(Atlanta, Georgia)… A two hour event intended to provide professional Bahamians with the opportunity to be interviewed and considered for a job in the tourism sector, exceeded the expectations of Baha Mar Human Resources personnel and officers at The Bahamas Consulate Office in Atlanta.
The mega-development and the diplomatic arm were collaborators in the Discovery Day Mixer which took place on October 11 at the Hyatt Regency Hotel on 265 Peachtree Street, Atlanta. The affair not only drew Bahamians from Georgia, but also saw citizens from Tennessee, Alabama, the Carolinas and Oklahoma make their way to Atlanta to take part in the mixer and to offer their expertise.
The direct approach was aimed at combating what many have deemed a ‘brain drain’ in The Bahamas, where many students opt to stay in the country they receive their education in, as opposed to returning home with their degrees to assist in the development of their nation of origin. It was also designed to fill an estimated 8,000 positions at the $3.5 billion development when it opens in December 2014.
Thrilled with the outcome was Bahamas Consul General Randy Rolle, who was hands–on in organizing the event and insisted on greeting all or most of the attendees. He was joined by Deputy Consul General Monique Vanderpool, Bahamas Marketing & Tourism’s Eddie Archer and members of the staff of the Atlanta Office to greet the Bahamian professionals who reside in Atlanta and students from SCAD, Georgia Tech, Georgia State, Morehouse, Emory, Spelman, Clark Atlanta University and other institutions of higher learning. The Bahamas Association of Georgia President & CEO Christopher A. Roker and Assistant Secretary Tanya Ferguson were also present.
“It was excellently executed,” he remarked. “The staff in the Office did an amazing job and I must commend them on their efforts. We were inundated with phone calls and emails from those within the 10 States of our jurisdiction. Even at the actual mixer, we were thanked for getting the word out so that they would have enough time to plan their trip. They also said they appreciated the efforts of the Office and Baha Mar in coming to Atlanta as a direct approach to show them what is being offered while providing them with the opportunity to network with other Bahamians in the area.”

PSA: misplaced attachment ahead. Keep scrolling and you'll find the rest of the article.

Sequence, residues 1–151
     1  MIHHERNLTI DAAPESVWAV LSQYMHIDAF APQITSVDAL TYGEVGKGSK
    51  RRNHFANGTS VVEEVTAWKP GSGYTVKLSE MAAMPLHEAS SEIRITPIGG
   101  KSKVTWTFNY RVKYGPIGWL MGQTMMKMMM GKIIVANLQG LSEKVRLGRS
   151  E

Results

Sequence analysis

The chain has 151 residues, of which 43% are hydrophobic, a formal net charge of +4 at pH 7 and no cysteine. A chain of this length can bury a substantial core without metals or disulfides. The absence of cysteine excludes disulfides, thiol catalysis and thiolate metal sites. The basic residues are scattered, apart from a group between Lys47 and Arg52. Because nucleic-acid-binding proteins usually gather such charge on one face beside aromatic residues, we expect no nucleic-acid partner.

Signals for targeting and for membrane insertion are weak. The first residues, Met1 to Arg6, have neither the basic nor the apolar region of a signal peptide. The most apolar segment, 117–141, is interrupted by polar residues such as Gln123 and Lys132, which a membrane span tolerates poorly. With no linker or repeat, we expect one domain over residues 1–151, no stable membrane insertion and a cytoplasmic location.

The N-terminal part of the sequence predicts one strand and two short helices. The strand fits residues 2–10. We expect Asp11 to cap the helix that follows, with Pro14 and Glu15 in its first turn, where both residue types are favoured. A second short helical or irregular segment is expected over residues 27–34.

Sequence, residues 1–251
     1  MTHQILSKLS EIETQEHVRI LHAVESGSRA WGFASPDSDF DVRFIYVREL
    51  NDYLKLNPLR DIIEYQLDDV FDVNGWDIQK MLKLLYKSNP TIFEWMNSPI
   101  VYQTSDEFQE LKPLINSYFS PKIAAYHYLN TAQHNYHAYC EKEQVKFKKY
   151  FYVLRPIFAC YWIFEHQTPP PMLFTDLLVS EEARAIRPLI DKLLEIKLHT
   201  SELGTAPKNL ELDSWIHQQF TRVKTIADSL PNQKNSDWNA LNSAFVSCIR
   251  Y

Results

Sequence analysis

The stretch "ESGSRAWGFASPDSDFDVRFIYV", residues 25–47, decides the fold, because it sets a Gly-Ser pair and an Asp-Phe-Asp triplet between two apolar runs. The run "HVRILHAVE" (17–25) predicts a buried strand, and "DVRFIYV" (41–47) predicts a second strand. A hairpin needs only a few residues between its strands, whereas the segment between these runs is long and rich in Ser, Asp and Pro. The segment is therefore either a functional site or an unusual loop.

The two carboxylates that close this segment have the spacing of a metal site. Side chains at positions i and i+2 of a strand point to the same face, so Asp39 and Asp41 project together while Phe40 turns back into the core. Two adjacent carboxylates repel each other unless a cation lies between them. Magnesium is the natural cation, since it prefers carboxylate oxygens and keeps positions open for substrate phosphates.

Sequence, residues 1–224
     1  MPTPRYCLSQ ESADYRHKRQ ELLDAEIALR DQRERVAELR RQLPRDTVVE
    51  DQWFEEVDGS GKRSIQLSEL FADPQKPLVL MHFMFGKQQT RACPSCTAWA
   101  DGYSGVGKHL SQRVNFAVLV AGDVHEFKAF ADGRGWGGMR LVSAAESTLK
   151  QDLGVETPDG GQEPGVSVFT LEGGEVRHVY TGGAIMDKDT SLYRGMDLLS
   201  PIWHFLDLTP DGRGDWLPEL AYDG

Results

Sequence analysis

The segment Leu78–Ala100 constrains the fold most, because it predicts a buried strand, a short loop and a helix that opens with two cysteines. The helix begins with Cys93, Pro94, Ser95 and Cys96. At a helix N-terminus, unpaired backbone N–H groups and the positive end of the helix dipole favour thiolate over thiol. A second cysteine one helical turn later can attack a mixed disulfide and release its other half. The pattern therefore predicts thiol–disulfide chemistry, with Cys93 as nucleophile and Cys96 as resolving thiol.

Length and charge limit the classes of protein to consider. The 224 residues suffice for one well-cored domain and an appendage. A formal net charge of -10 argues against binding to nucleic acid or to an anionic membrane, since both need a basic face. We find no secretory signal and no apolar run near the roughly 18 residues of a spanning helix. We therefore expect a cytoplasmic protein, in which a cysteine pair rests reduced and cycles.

Over 100 Bahamians had the opportunity to connect with Baha Mar associate Vonya Ifill and other representatives. She thanked Rolle and Thereese Maddox at the Atlanta Consulate for being attentive and helpful in bringing the event to life.
“We saw a wide range of candidates, some with hospitality experiences in Atlanta hotels and others who were in other industries but were willing to transition if we offered them an opportunity to work with us,” said Ifill. “Overall, the presentation definitely got them excited and they expressed gratitude with us coming to them to get to see them instead of having to email a resume` over. We’ve had similar mixers in Toronto, London, New York and we are also going throughout the Family Islands to seek potential employees.”
It was just last year that Ifill herself was a college graduate in Chicago who turned down a position in New York to return home as a part of team Baha Mar.
“I opted to go home and I have no regrets because I am a part of a multi-million movement that is about to make history,” she explained. “It’s a special feeling you get when you are a part of a team that is building something from the ground up.”
“Baha Mar, the largest single-phase resort development in the Western Hemisphere, has become a powerful driver of the Bahamian economy, and accounted for an estimated 5 percent of the Commonwealth’s annual Gross Domestic Product (GDP) in 2011 and 2012, according to a comprehensive updated economic impact report (EIR) by Oxford Economics,” Ifill further explained. “The report shows that since 2005, Baha Mar has accounted for an average of 3.2 percent of the Bahamian economy. This accounts for a total of $2.1 billion between 2005 and 2012. Once the $3.5 billion integrated gaming resort is up and running, it is expected to account for 12.8 percent of Bahamian annual GDP on average. From 2005 to 2012, Baha Mar has generated $719 million in additional employment income. Through direct and indirect impacts, Baha Mar has supported an average employment count of more than 3,000 jobs on a full-time-equivalent (FTE) basis.”